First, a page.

class MainFrame(tk.Frame):
    def __init__(self, *args, **kwargs):
        super().__init__(*args, **kwargs)
        self.process = tk.IntVar(value=5)
        self.after_id = None

        self.progressbar = ttk.Progressbar(
            self.master, length=200, maximum=10, variable=self.process
        )
        self.progressbar.grid(row=1)

        self.add_button = ttk.Button(
            self.master, text="Water +", command=self.add_water
        )
        self.sub_button = ttk.Button(
            self.master, text="Water -", command=self.sub_water
        )

        self.label = ttk.Label(self.master, textvariable=self.process)

        self.label.grid(row=0)
        self.add_button.grid(row=0, sticky="e")
        self.sub_button.grid(row=0, sticky="w")

    def reset_water(self):
        self.process.set(5)
        self.after_id = None

    def reset_after(self, delay_ms):
        if self.after_id:
            self.after_cancel(self.after_id)

        self.after_id = self.after(delay_ms, self.reset_water)

    def add_water(self):
        progress_value = self.process.get()
        if progress_value < self.progressbar["maximum"]:
            self.process.set(progress_value + 1)
            self.reset_after(60000)

    def sub_water(self):
        progress_value = self.process.get()
        if progress_value > 0:
            self.process.set(progress_value - 1)
            self.reset_after(60000)


if __name__ == "__main__":
    tk_app = tk.Tk()
    main_frame = MainFrame()
    tk_app.mainloop()
Quote
#4
Another example based on this thread question
import functools
import time
import tkinter as tk
from concurrent import futures
 
thread_pool_executor = futures.ThreadPoolExecutor(max_workers=1)
 
 
def tk_after(target):
 
    @functools.wraps(target)
    def wrapper(self, *args, **kwargs):
        args = (self,) + args
        self.after(0, target, *args, **kwargs)
 
    return wrapper
 
 
def submit_to_pool_executor(executor):
    '''Decorates a method to be sumbited to the passed in executor'''
    def decorator(target):
 
        @functools.wraps(target)
        def wrapper(*args, **kwargs):
            result = executor.submit(target, *args, **kwargs)
            result.add_done_callback(executor_done_call_back)
            return result
 
        return wrapper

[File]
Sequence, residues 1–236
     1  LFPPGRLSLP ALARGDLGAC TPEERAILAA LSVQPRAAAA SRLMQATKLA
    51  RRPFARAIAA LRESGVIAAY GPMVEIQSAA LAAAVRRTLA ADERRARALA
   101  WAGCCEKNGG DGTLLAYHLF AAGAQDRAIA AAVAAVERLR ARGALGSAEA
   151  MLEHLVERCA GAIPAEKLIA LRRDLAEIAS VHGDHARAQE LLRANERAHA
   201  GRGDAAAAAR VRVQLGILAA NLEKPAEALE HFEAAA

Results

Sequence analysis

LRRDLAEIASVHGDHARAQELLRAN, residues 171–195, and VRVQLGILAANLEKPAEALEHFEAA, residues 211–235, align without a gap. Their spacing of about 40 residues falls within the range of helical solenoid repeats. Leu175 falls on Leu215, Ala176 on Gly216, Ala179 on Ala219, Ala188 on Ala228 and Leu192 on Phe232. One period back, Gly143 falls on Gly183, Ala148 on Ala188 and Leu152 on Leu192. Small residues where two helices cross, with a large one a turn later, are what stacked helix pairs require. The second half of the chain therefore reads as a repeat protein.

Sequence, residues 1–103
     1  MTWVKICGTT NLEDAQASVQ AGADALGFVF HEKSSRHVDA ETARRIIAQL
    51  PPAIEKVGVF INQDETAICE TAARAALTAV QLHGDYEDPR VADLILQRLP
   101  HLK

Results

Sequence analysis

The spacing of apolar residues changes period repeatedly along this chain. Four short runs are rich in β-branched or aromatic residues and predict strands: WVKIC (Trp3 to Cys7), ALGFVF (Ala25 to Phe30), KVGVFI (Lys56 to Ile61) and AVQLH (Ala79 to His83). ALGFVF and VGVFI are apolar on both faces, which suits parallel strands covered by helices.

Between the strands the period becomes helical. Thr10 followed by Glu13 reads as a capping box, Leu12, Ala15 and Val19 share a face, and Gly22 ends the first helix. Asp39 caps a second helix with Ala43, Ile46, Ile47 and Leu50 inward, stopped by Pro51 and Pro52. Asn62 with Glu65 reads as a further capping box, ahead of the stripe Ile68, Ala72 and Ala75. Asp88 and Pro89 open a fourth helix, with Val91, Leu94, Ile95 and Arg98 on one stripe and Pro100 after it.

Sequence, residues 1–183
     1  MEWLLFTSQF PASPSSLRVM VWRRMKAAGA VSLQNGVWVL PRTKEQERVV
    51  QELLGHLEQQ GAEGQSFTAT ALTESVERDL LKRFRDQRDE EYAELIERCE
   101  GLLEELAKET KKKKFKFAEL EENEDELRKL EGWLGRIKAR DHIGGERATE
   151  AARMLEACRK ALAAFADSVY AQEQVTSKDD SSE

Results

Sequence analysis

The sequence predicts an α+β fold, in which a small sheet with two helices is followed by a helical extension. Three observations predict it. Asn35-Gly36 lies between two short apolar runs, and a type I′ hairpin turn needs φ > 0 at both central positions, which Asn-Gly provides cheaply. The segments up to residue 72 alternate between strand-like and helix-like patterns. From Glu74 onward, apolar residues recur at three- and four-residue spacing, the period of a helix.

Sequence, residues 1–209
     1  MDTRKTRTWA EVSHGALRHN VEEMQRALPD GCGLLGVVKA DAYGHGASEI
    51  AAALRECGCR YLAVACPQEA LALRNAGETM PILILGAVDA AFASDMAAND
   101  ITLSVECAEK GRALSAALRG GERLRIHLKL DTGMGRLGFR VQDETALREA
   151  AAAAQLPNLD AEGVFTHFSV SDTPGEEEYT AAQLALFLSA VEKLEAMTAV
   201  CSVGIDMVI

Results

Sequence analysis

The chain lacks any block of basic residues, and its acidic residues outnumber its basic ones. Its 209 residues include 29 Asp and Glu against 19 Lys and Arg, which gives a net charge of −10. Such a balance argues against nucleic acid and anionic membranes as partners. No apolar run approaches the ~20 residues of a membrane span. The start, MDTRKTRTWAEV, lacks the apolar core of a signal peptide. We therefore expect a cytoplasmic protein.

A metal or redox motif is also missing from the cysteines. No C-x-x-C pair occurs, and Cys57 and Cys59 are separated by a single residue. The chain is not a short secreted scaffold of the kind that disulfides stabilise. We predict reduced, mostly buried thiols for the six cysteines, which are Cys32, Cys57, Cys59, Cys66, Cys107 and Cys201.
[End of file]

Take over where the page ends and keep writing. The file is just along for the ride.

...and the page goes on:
return decorator
 
 
def executor_done_call_back(future):
    exception = future.exception()
    if exception:
        raise exception
 
 
def func1():
    time.sleep(2)
 
 
def func2():
    time.sleep(3)
 
 
class MainFrame(tk.Frame):
 
    def __init__(self, *args, **kwargs):
        super().__init__(*args, **kwargs)
        self.run_thread = False
        self.label = tk.Label(self, text='not running')
        self.label.pack()
        self.button = tk.Button(
            self, text='start task', command=self.on_button)
        self.button.pack(pady=15)
        self.pack()
 
    def on_button(self):
        if not self.run_thread:
            self.run_thread = True
            self.blocking_code()
            self.set_button_text('Stop task')
        else:
            self.run_thread = False
            self.set_button_state(False)
            self.set_button_text('Stopping')
            self.blocking_code_stopped()
 
    @tk_after
    def set_label_text(self, text=''):
        self.label['text'] = text
 
    @tk_after
    def set_button_text(self, text=''):
        self.button['text'] = text
 
    @tk_after
    def set_button_state(self, enable=True):
        state = 'normal' if enable else 'disable'
        self.button['state'] = state
 
    @submit_to_pool_executor(thread_pool_executor)
    def blocking_code(self):
        self.set_label_text('running')
        while self.run_thread:
            func1()
            self.set_label_text('func1 complete')
            func2()
            self.set_label_text('func2 complete')
 
    @submit_to_pool_executor(thread_pool_executor)
    def blocking_code_stopped(self):
        self.set_button_state(True)
        self.set_label_text('not running')
        self.set_button_text('Start task')
 
 
if __name__ == '__main__':
    app = tk.Tk()
    main_frame = MainFrame()
    app.mainloop()
Quote